Info Cycling Ireland, photos as indicated
Times keep tumbling for Irish cyclists as Richael Timothy sets a new PB
Richael Timothy finished her second event (500m TT) and set a time of 42.485, a new personal best.
Chinese rider Wangwei Qian was the first to dip inside the world record level with 38.070. Richael took to the track soon after and set 42.485, a new personal best. Amanda Reid of Australia came out next and consistently took time off of Qian and was in advance of two seconds at the finish with a time of 35.581 – a new world record. Just a few minutes later Dutch woman Alyda Norbruis was the last on the track and she traveled across the 500 meters in 36.057. Reid took the gold, Norbuis the silver, and Qian third.
Richael, speaking to Cycling Ireland after the finish said her focus has been on the road and she is now shifting her concentration to her targets on the road. “This is not a target event for me but it is another race under my belt. I did a PB, I couldn’t have gone any faster,” she said. Richael said that she is happy to have achieved her track goals with personal bests here on the Izu Velodrome but now the focus shifts to the road race events.
“It is nice to get that over with and I can focus on the road now. It is nice to get a focus on the road race and I am looking forward to that. I get a run out in the time trial first and that will give me a good idea of the course and what to expect for the road race. We’re heading straight over to the road venue now to get familiarised with it and put the track behind us until next year. It is fairly twisty and rolling – I’m looking forward to getting out on it,” she added.
Fourth place and two personal bests for Ronan Grimes in the 4km TT
Ronan Grimes showed total consistency throughout this morning’s 4000 meter Time Trial races as he finished with two personal bests and a fourth place in the event. The Athenry man rode an impressive heat in the morning against eventual gold medalist Jozef Metelka of Slovakia who rode an astounding 4:22.772 World Record against him to qualify for the final. Ronan went deep and finished with a 4:37.696 which saw him progress to the bronze medal ride-off against Colombian Speedman Diego German Duenas.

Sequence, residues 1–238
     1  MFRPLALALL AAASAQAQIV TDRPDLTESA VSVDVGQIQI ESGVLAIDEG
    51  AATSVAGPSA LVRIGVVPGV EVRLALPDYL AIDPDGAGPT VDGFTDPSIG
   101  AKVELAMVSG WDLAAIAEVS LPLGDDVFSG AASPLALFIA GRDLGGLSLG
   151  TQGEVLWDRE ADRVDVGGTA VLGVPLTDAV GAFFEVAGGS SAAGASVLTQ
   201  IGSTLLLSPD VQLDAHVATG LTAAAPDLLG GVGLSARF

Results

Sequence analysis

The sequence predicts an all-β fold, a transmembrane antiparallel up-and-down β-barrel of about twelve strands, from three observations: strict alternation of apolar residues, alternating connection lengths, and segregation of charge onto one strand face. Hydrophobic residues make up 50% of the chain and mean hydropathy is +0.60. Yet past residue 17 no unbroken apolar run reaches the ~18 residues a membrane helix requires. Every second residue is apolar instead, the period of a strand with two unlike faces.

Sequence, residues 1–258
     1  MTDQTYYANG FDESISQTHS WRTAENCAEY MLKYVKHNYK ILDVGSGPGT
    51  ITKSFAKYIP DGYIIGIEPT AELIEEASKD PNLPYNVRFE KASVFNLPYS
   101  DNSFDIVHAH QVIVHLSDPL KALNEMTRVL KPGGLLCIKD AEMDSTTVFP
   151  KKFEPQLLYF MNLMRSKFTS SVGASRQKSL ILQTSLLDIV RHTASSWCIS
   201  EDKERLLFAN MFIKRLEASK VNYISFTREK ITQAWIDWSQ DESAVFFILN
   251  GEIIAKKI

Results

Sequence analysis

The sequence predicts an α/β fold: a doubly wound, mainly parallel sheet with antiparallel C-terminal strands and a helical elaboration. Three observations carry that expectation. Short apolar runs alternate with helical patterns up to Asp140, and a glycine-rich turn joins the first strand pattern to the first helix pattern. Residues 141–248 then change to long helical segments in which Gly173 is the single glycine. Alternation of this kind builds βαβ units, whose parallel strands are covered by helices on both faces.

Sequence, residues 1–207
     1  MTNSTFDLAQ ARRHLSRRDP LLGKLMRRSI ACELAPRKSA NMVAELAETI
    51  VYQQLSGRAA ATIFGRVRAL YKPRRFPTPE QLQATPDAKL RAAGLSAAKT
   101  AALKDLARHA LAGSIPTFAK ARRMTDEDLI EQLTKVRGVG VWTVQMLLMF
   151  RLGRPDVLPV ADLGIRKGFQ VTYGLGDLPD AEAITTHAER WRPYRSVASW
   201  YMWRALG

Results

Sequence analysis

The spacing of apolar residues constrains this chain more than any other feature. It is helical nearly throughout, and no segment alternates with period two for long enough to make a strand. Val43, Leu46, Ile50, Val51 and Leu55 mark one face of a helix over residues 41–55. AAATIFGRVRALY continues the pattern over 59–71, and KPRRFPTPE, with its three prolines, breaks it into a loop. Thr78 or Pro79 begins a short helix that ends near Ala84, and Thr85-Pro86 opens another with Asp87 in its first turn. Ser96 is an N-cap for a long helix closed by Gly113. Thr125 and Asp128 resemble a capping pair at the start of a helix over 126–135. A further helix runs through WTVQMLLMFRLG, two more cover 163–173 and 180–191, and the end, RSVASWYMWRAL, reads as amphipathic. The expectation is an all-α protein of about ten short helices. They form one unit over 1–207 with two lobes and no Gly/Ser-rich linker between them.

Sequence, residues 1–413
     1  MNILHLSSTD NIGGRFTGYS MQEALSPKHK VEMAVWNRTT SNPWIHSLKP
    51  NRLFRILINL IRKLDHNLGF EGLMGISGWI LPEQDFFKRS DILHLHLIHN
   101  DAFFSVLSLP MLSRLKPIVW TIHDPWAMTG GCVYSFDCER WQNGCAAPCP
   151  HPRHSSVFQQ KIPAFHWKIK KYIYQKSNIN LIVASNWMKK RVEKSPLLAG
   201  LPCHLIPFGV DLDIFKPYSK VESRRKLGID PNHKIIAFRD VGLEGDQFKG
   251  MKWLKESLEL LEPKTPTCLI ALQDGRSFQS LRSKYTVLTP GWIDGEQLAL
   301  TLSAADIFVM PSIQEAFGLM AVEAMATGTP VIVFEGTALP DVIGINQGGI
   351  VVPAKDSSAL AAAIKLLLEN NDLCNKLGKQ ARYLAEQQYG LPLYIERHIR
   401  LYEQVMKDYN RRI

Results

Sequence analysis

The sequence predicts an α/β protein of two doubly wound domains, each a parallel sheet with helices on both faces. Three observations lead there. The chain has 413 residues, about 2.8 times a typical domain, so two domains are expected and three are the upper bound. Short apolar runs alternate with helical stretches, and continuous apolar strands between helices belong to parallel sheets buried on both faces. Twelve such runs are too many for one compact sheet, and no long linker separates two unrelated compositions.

Shortly after 7.15 am Irish time Ronan’s start gate counted down and released its hold on his rear wheel. He sprinted out of the saddle on the first pedal revolutions of his 4km medal race. He started hard, gathering time against the much-fancied Colombian in a display of poise, rolling around the high-speed track as close to the black line as he dared.
With three laps to go, he had taken two seconds out of Duenas but then the Colombian’s form kicked in – he clawed back the time and began to overhaul the Irish man throughout the last couple of laps. It was another personal best for Ronan with 4:37.001 in this his debut on the wooden boards of a Paralympics Velodrome.
The Galway rider spoke to Cycling Ireland about the tactical game plan for the race.“There’s not much more I could have done there. He never drops off – he always maintains the pace. We were looking at the splits from this morning. He started very slow in that race. We were calculating that if it was like that qualifier I could have had four seconds on him by two kilometers. The plan was to go out hard and hopefully he would go out slow and then I might catch a bit of a draft off him. I knew that he would drive on at the end. If he started slightly slower there might be a bit of a slipstream there and it would keep me for him for just a bit longer and then whatever kick he had at the end I might have had a buffer. It was the last two laps when he pulled away from me. I can’t really see what is going on behind me but I had ques from Neill Delahaye, my coach, and I knew if I heard ‘squeeze’ then it was tight and that we were neck and neck. At that stage, I was thinking about putting more power in but really I was just holding the bike and going slower,” he explained.
Tomorrow we have Katie George Dunlevy and Eve McCrystal in the 3000m pursuit with the qualifying starting at 2 am Irish time – the final will be on at 3.47 am if they succeed in going through. Also, Martin Gordon and Eamonn Byrne will go for the final in the B 1000m Time Trial from 3.08 am to 3.47 am Irish time.